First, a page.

Student Accomplishments: Publication in EU Observer

This post was written by Maxwell student, Mark Temnycky, who has recently had an article published by the EUobserver. The EUobserver is the second most read EU-related news source by journalists after the Financial Times.

When I enrolled in the Maxwell School in June 2015 I was very excited and I wanted to make the most of the two-year public administration and international relations graduate program. During my first year I had a unique opportunity – I had an op-ed on Ukraine published in Forbes. After sharing this exciting news with family, friends, faculty, and staff, I made a personal goal: before graduating in June 2017 I wanted to write another article and have it published.

For several months I wrote other op-ed pieces. These topics ranged from the implications of the ‘Brexit’ decision on Ukraine’s bid for EU membership, my experience abroad working as a parliamentary trainee for Ukrainian Parliament, and future challenges that this Eastern European state may face in 2017. I submitted them as op-ed pieces to various news outlets, yet they were unsuccessful.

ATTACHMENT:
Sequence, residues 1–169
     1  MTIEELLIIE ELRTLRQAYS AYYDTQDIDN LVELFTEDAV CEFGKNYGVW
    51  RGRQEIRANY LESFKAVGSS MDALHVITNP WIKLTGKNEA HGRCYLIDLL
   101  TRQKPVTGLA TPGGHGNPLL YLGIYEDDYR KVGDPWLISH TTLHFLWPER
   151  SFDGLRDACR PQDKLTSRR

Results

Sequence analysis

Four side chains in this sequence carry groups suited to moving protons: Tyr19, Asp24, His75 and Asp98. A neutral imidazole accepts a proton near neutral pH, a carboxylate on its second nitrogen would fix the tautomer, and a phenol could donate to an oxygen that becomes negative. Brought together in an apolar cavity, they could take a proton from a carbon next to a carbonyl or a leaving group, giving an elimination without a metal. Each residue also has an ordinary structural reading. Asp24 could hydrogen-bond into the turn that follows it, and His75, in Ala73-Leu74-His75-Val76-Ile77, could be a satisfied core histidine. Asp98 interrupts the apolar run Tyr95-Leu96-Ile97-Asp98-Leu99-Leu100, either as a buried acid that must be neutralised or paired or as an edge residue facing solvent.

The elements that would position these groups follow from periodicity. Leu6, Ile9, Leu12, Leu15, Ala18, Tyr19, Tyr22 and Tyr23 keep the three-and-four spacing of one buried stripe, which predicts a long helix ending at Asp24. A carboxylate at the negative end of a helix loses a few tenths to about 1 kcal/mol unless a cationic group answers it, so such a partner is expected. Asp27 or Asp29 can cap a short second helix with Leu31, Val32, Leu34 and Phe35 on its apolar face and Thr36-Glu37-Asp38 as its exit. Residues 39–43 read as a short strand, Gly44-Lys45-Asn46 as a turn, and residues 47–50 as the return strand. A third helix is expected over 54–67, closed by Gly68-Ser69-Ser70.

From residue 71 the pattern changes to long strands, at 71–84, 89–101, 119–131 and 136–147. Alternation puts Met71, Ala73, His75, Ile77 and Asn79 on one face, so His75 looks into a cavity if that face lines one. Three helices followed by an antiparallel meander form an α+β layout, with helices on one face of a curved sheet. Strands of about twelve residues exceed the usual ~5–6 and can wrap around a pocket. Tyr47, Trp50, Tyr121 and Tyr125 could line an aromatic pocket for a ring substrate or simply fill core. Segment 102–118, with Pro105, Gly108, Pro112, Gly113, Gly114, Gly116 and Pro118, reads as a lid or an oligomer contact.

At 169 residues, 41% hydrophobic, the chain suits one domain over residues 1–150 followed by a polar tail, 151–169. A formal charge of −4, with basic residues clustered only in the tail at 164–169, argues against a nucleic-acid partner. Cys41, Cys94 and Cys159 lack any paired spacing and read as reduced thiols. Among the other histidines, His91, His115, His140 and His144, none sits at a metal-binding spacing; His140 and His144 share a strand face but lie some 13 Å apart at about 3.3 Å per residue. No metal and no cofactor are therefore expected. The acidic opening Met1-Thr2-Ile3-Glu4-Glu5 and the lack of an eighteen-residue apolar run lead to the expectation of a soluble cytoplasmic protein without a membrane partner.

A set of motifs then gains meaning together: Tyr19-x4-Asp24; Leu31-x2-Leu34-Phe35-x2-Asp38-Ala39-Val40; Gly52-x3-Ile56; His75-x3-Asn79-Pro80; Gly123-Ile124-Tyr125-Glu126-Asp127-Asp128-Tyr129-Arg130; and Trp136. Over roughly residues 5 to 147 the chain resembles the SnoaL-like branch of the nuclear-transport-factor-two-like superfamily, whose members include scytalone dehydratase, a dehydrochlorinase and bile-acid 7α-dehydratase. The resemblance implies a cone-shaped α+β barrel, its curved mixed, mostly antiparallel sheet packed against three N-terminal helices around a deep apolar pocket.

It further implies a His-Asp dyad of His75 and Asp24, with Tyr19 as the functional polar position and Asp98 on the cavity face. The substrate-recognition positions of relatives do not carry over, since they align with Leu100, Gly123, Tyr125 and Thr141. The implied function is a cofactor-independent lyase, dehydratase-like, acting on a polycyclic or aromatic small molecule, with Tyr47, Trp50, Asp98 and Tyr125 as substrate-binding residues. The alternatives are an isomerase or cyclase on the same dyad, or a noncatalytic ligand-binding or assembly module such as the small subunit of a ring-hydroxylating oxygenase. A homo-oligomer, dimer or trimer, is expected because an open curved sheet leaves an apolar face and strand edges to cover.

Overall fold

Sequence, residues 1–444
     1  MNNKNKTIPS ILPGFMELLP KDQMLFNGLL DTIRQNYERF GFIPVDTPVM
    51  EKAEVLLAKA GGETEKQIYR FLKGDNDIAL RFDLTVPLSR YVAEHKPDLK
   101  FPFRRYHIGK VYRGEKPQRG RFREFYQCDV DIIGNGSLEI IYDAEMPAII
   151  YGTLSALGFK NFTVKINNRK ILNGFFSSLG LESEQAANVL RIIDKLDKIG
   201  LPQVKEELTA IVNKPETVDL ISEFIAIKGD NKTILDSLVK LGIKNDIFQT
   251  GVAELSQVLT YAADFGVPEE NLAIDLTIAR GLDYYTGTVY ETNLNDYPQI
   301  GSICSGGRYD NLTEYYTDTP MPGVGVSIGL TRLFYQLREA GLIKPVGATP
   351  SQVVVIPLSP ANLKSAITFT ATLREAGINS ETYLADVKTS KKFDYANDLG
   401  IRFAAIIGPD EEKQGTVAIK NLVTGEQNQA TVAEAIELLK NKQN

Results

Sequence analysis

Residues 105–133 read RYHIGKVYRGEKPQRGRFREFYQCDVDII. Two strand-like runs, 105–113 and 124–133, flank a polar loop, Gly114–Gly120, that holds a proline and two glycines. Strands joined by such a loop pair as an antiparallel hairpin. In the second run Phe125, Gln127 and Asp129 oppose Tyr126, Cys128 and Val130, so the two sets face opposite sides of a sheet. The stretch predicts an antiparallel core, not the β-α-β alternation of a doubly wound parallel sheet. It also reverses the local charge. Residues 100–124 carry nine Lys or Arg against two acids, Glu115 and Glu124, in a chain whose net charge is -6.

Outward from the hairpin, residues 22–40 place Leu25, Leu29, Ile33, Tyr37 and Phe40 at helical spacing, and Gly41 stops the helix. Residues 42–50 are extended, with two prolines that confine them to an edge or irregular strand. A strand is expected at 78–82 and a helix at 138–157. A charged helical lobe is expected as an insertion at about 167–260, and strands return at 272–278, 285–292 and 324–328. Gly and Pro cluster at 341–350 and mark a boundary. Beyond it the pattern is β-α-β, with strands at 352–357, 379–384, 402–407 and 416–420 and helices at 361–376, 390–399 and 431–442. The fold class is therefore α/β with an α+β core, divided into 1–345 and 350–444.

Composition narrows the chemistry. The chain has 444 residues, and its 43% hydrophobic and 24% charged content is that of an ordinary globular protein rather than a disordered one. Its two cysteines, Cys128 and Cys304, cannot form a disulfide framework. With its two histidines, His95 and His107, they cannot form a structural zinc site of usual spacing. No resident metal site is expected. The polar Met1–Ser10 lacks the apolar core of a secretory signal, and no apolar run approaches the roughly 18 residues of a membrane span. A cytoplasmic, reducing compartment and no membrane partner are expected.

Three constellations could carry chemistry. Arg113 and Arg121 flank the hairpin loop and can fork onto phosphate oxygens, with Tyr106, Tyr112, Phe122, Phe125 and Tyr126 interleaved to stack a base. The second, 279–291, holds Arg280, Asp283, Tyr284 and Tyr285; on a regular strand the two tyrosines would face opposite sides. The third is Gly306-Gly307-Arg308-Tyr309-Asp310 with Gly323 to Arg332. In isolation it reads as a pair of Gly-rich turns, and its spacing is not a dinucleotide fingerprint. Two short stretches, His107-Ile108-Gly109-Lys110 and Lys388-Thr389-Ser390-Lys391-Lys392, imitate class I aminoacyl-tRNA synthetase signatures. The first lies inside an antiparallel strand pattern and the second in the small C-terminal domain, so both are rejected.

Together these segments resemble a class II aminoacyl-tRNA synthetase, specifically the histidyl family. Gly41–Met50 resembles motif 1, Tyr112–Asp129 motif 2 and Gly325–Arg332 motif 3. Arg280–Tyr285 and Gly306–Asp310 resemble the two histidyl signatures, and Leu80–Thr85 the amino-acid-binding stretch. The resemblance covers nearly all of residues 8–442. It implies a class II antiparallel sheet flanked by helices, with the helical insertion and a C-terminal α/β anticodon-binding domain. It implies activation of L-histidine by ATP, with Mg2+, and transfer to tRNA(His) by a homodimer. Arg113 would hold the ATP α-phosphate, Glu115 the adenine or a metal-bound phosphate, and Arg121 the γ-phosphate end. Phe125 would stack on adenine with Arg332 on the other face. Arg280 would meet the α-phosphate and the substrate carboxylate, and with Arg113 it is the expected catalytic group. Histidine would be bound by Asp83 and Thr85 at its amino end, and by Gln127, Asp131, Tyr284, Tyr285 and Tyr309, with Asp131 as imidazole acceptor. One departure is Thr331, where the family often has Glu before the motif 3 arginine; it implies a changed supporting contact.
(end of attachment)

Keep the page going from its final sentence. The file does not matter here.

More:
I did not let this rejection discourage me, and in January 2017 I came across a new topic: Ukraine’s IT sector. After spending a lot of time researching this industry and learning about Ukraine’s struggle for EU membership, I decided to write an article on how Ukraine’s high quality, rapidly developing IT sector can be of great benefit to Europe and facilitate European integration for this former Soviet state. The end result? It was published in EUobserver.

Rejection is quite frequent with writing op-ed pieces as news agencies receive hundreds, if not thousands, of pieces every day from all over the world. I did not let this discourage me. I am very thankful for these opportunities and have learned an important less during my time at the Maxwell School. I strongly believe that if you put your mind towards something, and if you try hard enough, you might just get what you want. The end result is worth it.